Iran wants the bomb to protect itself, not to harm others. Without the bomb Iran is at the mercy of Israel and the United States, two nations which are well known for their own preemptive war, and geographic expansion. There is no indication that Iran would like to expand their borders using the threat of a nuclear strike, however, Israel has increased its size dramatically through military conquest and has held onto that land by using the threat of a nuclear holocaust. In minutes Israel could kill 100 million Arabs, that awesome power has protected Israel for decades, why wouldn’t the Arabs or Persians want the same? Why shouldn’t they have the same? The only answer is that Israel doesn’t want them to have the bomb. That answer may be good enough to satisfy the pro-Israel media in the US, and many average Americans, but it is so clearly unfair that it will do much to inflame the Arab street. They know the score, and they don’t like being treated as second class citizen of the world. If we want them to respect our rights, we have to respect theirs. Otherwise, buckle-in for 100 more years of terror and an American Police state. And for what? So that Palestine can remain Jewish? No thanks, that’s not our battle and it’s not just anyway. Get America out of the Middle East. We don’t need that oil anyway if we only invest in alternative energy. Dump Israel now!

Monday, January 16, 2006 11:44:00 AM  
Anonymous Anonymous said...

Racist? Who is making a racial argument? Cultural, perhaps. But racial? How so? It seems that this "racism" word gets thrown around so carelessly these days.

Monday, January 16, 2006 12:22:00 PM  
Blogger pawlr said...

Whether its racist or not is pretty much semantics. But there's clearly a sloppy idea in the minds of most Westerners that "those a-rabs are nuts" which is informing the issue.

One thing I'd like to learn is whether Ahmadinejad recent espousal of mahdaviat eschatology in the U.N. is for real or if this is part of a strategy to present himself as credible, or just more bloviating from the right.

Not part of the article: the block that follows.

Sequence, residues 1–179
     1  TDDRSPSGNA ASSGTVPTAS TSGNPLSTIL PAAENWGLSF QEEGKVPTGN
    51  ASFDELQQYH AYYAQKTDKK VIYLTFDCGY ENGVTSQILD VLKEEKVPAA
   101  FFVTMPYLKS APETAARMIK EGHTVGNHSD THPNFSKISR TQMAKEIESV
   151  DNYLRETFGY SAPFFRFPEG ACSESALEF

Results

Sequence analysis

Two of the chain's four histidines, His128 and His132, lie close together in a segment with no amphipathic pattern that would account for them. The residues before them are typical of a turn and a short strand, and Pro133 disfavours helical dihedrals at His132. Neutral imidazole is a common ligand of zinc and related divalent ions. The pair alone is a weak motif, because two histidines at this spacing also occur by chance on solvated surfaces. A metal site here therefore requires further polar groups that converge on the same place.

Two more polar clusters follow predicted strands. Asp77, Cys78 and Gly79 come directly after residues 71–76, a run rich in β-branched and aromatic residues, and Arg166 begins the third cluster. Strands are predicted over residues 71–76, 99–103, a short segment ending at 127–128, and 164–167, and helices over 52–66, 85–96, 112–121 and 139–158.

Vanguarding for the apocalypse, as many wingnut Christianists in our country do ("Left Behind" millenial freaks), scare me no matter who's doing it. Now that would be a legitimate reason to fear that Iran wouldn't act rationally in a balance of power situation, as some have suggested.

Basically, the radical freaks in our own government are playing dangerous games with their counterparts in the muslim world, and threatening to end the whole party known to us today as the civilized world.

Expect the fear-mongering to escalate as the 2006 elections draw nearer while real-world problems (global warming, poverty, bird flu) go on the back burner.

Monday, January 16, 2006 2:07:00 PM  
Anonymous Anonymous said...

Isn't the assumption that no one can handle the bomb?

Those countries who got in before we realized this have been granted quasi-benevolent grandfather status. Those nations are tasked with keeping new upstarts like Iran from grabbing fresh missiles off the tree of knowledge.

The focus should be on the realpolitik that lurks beneath the racist rhetoric.

Monday, January 16, 2006 5:17:00 PM  
Blogger Demotiki said...

The assumption behind the argument for non-proliferation is not that we can't trust anyone with the bomb, but rather that we can't dominate the world if everyone has the great equalizer. America hegemony is threatened if the countries we would like to push around have the bomb. Can you imagine the US invading Iraq if Sadam really had WMD? Never. The fact that we invaded is the best proof available that Sadam never had WMDs. Take North Korea, they are the thousand times worse than Iraq ever was. They have killed literally millions of their people through poverty and poor central planning. They could take out Souel in ten minutes if they wanted to, with conventional weapons. Have we done anything there? No. And why? Because they have us by the balls.

Besides, the United States actively supported Israel in its drive for nuclear supremacy in the Middle East. Israel stole the secrets of how to make their bomb from us, and yet we continue to support them.

There is no legitimate reason to believe that support for Israel is anything more than a domestic political choice for American politicians. Supporting Israel has dramatically worsened our relations with countries that are far more important to our national security. When Truman proposed the creation of Israel on Palestinian lands, Marshall said it was the greatest foreign policy mistake the President could make. Truman went ahead and did it for two reasons. He wanted to make up for the holocaust, and he wanted the support of Jewish Americans, particularly those who were running CBS, NBC, ABC and the New York Times. Marshall warned him that dispossessing the Palestinians and shoving the new Israeli state down the throats of already pissed off Arabs would be a major mistake. Unfortunately, Truman was more of politician than a strategic thinker. He felt that he was doing a great thing for the world and for his political future. Strangely, he was wrong on both counts.

Monday, January 16, 2006 5:43:00 PM